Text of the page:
Contributing Guide

Thank you for being interested in contributing to the sphinx-book-theme! You are awesome ✨.

This project follows the Executable Books Project contribution guidelines. It contains information about our conventions around coding style, pull request workflow, commit messages and more.

This page contains information to help you get started with development on this project.



Get the source code of this project using git:

git clone
cd sphinx-book-theme

To work on this project, you need Python 3.6 or newer. Although you can create your own development environment, the recommended way to work on development is via tox, which can be installed with pip:

$ pip install tox
# list all environments
$ tox -a

If you have Conda installed you may also consider installing the plugin:

$ pip install tox-conda

See the sphinx-book-theme/tox.ini for details of all available development environments.

Running Tests

This theme has a test suite to ensure that all the relevant user content is correctly handled. The tests can be run using:

$ tox

You can also run against different Python and sphinx versions, and supply arguments to pytest:

$ tox -e py38-sphinx2 -- -x


To “re-build” an environment, wih updated dependancy versions, use:

$ tox -r -e py38-sphinx2

Running Pre-commit

The consistency and code style in this project is enforced with multiple automated pre-commit hooks. You can run them using:

$ tox -e py38-pre-commit -- --all

or directly (after installing pre-commit):

$ pre-commit run --all
$ pre-commit install

Working on the theme

If you’re making changes to your local copy of this theme, you can get feedback on the rendered documentation output, by either building the documentation “statically”:

$ tox -e docs-clean
$ tox -e docs-update

This will generate the HTML documentation and compile the relevant stylesheets. The generated documentation which can be viewed in docs/_build/.

Alternatively, you can have the documentation built “live”, as you modify files:

This will generate the theme’s documentation, start a development server on an available port localhost:xxxx, open it in your default browser, then watch for changes and automagically regenerate the documentation and auto-reload your browser:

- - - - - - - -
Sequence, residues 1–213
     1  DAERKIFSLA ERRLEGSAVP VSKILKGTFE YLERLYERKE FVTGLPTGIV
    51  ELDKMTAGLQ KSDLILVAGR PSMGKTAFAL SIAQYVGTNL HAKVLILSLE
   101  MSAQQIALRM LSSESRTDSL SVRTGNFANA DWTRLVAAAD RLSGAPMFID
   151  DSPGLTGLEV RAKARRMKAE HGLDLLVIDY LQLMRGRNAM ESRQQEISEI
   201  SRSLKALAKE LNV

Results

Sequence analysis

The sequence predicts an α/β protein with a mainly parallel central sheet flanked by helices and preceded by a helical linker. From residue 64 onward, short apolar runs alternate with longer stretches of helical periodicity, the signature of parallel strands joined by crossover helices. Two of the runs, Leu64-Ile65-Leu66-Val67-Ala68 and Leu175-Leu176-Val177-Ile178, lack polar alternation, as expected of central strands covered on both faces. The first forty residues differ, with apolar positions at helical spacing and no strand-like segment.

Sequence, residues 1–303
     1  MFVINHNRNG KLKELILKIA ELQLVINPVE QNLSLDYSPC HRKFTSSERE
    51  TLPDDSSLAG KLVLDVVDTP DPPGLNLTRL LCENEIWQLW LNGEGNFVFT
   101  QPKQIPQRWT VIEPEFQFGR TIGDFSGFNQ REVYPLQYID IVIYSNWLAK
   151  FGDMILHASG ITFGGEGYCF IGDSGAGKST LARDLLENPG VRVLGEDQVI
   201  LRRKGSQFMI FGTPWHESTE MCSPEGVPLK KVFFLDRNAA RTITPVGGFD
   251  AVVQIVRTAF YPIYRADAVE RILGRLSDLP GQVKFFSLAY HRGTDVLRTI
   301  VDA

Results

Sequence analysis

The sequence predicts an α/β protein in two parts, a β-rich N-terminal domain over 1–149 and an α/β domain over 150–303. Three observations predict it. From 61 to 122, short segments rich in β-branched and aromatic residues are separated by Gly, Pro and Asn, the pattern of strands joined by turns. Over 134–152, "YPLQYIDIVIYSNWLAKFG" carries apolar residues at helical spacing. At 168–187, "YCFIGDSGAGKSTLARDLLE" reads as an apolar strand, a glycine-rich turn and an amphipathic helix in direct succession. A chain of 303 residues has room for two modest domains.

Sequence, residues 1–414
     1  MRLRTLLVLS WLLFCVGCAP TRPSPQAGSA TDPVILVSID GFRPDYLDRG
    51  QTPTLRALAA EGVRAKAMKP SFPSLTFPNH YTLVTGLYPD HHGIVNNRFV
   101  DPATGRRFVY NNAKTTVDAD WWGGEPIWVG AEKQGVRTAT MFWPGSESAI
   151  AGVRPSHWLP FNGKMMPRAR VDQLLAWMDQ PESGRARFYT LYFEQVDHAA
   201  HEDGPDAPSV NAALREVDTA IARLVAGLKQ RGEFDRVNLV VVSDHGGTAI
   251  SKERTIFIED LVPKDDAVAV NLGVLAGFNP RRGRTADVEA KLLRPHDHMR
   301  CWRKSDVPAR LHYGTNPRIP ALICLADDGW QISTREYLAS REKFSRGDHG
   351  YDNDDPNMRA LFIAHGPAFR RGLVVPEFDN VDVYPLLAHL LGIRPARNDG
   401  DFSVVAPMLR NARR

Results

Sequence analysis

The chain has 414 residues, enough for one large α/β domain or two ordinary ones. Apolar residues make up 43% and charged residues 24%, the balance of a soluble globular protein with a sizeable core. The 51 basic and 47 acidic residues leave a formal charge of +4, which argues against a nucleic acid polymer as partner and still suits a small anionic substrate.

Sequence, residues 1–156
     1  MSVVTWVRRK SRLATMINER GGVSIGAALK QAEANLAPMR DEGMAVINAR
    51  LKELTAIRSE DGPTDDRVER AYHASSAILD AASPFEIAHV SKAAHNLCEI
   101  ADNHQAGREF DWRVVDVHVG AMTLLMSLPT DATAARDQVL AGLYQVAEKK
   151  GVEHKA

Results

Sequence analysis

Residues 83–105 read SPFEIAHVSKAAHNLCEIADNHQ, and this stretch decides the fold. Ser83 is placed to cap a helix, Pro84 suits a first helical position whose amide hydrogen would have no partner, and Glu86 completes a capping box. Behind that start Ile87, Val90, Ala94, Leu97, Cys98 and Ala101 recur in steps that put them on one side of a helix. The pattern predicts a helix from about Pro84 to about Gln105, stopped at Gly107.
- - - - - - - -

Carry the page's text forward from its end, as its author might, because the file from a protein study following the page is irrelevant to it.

$ tox -e docs-live

With this, you can modify the theme in an editor, and (after a small delay) see how those modifications render on the browser.

You can also try different builders:

$ tox -e docs-update -- singlehtml
$ tox -e docs-live -- singlehtml

Repository structure

This repository is a split into a few critical folders:


The Sphinx extension package, containing the Python code, Jinja templates and (compiled) assets (HTML/CSS/JS etc).

These are used to generate the HTML page for every file in your site whenever the site is built using Sphinx.

NOTE: Do not alter the compiled CSS/JS directly (alter in src/).


Contains the source SCSS and JS, which will be compiled and written to sphinx-book-theme/static, as configured by web-compile-config.yml (see executablebooks/web-compile for details).

This compilation is called by default, during development commands (see above).


The documentation for the theme, which aims to include all of the core Sphinx “components” (lists, admonitions, etc), to check/show how they are represented in this theme.

The build configuration is contained in


Testing infrastructure that uses pytest along with beautifulsoup to validate that the generated HTML is what we expect it to be.

Much of these tests also use pytest-regressions, to check whether newly-generated HTML differs from previously-generated HTML.


Contains Continuous-integration (CI) workflows, run on commits/PRs to the GitHub repository.